? FL-Sen: On Monday, Florida Rep. Patrick Murphy announced that he would run for Senate, whether or not Republican incumbent Marco Rubio seeks a second term. On Wednesday, Murphy earned two pieces of good news: He picked up a major endorsement from ex-Gov. Charlie Crist, and he also got welcome polling numbers from Public Policy Polling, which surveyed the Sunshine State's 2016 Senate contest for the first time. Here's how Murphy fares against a battery of possible opponents:

? Rubio 48, Murphy 41

? Atwater 41, Murphy 39

? Bondi 45, Murphy 41

? Lopez-Cantera 34, Murphy 41

? West 39, Murphy 41

While Rubio understandably starts with a lead, an open seat race would begin as a tossup. Rubio posts a positive 45-40 approval rating which, while not fantastic, is nothing to sneeze at in a time when Congress is so universally despised. Still, Murphy has to be happy that he's holding the incumbent below 50 at the outset.

Rubio has not announced his 2016 plans, but he looks very likely to seek the presidency rather than seek a second term. Rubio has pledged not to campaign for both offices at once and it's not hard to see why. It's difficult enough to run for either the White House or for re-election in a swing state, and doing both at once would be a superhuman task. While the NRSC might be relieved if Rubio decides to put his presidential ambitions on hold, his fellow Republicans are already positioning themselves to run to succeed him.

State Chief Financial Officer Jeff Atwater and Lt. Gov. Carlos Lopez-Cantera have both met with national Republicans about potentially running, and at least in the early going, Atwater posts better numbers, though that's due to his greater name recognition. As for Attorney General Pam Bondi, while she hasn't formally ruled out a Senate run, she seems to have her eyes on the governorship in 2018. Finally, PPP tested former Rep. Allen West, whom Murphy narrowly unseated in 2012; if they took a rematch statewide, things would be similarly tight. But while Democrats would love it if the incendiary West made a comeback, it's not going to happen. West recently moved to Texas and told Politico's Jake Sherman on Wednesday that he's staying in the Lone Star State and won't be "chasing political office like some egomaniacal politician."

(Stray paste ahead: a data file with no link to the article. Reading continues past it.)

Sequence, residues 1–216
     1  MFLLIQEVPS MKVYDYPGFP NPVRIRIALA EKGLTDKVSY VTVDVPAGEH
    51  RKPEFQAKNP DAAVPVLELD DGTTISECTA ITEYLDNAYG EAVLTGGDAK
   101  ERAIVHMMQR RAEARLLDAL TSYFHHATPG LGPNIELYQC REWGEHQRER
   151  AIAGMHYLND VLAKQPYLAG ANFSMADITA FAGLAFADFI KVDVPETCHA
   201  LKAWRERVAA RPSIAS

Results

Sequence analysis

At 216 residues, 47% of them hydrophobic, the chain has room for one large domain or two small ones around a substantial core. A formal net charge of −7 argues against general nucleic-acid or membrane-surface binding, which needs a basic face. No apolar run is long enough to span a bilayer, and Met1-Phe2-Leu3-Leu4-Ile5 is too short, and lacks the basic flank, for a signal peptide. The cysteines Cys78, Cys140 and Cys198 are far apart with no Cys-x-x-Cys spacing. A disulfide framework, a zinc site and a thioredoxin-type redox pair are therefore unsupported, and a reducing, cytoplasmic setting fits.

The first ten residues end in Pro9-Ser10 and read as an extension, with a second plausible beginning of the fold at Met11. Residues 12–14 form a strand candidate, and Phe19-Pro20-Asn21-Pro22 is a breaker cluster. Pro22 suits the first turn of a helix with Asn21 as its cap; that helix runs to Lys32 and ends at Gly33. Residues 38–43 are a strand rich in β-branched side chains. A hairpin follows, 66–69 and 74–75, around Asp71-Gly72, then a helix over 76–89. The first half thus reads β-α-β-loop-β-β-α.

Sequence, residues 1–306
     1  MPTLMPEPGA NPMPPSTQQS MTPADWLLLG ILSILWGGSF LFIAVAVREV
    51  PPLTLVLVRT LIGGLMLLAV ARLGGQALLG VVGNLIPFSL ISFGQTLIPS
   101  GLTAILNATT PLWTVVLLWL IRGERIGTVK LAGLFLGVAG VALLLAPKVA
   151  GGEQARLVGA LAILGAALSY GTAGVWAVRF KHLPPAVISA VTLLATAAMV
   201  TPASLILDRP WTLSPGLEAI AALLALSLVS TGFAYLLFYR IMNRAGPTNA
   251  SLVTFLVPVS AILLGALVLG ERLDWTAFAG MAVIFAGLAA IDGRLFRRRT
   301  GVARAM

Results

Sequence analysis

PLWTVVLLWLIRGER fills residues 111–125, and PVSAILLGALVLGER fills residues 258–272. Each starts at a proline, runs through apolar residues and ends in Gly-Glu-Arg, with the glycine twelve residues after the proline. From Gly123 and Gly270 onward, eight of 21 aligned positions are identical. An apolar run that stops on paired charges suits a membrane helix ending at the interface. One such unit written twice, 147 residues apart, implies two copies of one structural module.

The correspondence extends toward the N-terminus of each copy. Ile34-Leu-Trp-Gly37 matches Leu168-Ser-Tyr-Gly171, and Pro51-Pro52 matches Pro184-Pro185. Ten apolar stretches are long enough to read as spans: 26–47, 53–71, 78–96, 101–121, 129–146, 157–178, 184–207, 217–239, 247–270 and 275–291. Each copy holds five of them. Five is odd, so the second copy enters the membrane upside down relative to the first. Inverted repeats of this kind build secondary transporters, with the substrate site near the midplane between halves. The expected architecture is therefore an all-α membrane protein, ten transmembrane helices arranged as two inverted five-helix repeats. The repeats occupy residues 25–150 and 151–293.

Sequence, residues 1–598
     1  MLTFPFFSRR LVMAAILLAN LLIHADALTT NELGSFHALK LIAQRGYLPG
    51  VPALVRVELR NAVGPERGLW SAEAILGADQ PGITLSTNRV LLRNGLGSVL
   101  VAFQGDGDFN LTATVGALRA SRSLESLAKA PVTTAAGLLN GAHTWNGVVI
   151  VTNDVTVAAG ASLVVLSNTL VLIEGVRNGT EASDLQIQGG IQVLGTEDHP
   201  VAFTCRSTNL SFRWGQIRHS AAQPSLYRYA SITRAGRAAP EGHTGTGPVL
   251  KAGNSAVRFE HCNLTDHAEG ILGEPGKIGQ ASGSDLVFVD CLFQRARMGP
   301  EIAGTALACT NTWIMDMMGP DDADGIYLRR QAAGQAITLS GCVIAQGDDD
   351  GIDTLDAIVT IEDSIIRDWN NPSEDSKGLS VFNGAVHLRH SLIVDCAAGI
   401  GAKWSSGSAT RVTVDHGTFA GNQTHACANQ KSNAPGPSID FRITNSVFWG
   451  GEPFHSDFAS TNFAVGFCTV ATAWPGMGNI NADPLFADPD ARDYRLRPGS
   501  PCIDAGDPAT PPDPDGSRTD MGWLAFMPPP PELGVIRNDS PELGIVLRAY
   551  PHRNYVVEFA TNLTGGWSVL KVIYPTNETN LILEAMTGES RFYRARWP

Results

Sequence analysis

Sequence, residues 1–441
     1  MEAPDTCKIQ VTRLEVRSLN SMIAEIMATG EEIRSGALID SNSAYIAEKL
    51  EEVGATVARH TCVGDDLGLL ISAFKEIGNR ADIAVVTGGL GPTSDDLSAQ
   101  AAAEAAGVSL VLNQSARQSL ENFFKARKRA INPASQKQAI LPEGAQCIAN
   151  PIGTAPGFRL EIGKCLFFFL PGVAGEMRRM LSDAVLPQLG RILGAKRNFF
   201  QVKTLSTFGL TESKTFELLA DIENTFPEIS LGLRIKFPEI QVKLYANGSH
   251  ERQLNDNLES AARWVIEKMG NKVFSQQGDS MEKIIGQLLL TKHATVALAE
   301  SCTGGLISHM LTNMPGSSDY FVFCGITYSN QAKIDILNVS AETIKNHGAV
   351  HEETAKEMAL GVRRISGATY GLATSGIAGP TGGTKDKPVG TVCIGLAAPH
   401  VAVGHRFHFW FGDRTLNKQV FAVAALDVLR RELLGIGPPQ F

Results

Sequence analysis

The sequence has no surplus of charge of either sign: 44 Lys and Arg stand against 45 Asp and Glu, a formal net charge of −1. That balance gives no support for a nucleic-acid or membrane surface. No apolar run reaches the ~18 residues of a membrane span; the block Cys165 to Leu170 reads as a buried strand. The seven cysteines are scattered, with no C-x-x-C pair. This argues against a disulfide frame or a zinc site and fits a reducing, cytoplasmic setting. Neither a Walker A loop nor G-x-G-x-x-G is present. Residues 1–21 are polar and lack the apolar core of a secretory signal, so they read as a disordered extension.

Head below the fold for more on this Florida Senate race.


New PPP poll shows Florida's Senate race a tossup if Rubio runs for president (March 25, 2015, 01:14 PM)

Democratic Senate candidate Patrick Murphy
On Monday, Florida Rep. Patrick Murphy announced that he would run for Senate, whether or not Republican incumbent Marco Rubio seeks a second term. On Wednesday, Murphy earned two pieces of good news: He picked up a major endorsement from ex-Gov. Charlie Crist, and he also got welcome polling numbers from Public Policy Polling, which surveyed the Sunshine State's 2016 Senate contest for the first time. Here's how Murphy fares against a battery of possible GOP opponents:
? Rubio 48, Murphy 41

? Atwater 41, Murphy 39

? Bondi 45, Murphy 41

? Lopez-Cantera 34, Murphy 41

? West 39, Murphy 41

While Rubio understandably starts with a lead, an open seat race would begin as a tossup. Rubio posts a positive 45-40 approval rating which, while not fantastic, is nothing to sneeze at in a time when Congress is so universally despised. Still, Murphy has to be happy that he's holding the incumbent below 50 at the outset.

Rubio has not announced his 2016 plans, but he looks very likely to seek the presidency rather than run for re-election. Rubio has pledged not to campaign for both offices at once and it's not hard to see why. It's difficult enough to run for either the White House or for re-election in a swing state, and doing both at once would be a superhuman task. While the NRSC might be relieved if Rubio decides to put his presidential ambitions on hold, his fellow Republicans are already positioning themselves to run to succeed him.

State Chief Financial Officer Jeff Atwater and Lt. Gov. Carlos Lopez-Cantera have both met with national Republicans about potentially running, and at least in the early going, Atwater posts better numbers, though that's due to his greater name recognition. As for Attorney General Pam Bondi, while she hasn't formally ruled out a Senate run, she seems to have her eyes on the governorship in 2018. Finally, PPP tested former Rep. Allen West, whom Murphy narrowly unseated in 2012; if they took a rematch statewide, things would be similarly tight. But while Democrats would love it if the incendiary West made a comeback, his recent move to Texas means they shouldn't bother hoping.

Head below the fold for more on this Florida Senate race.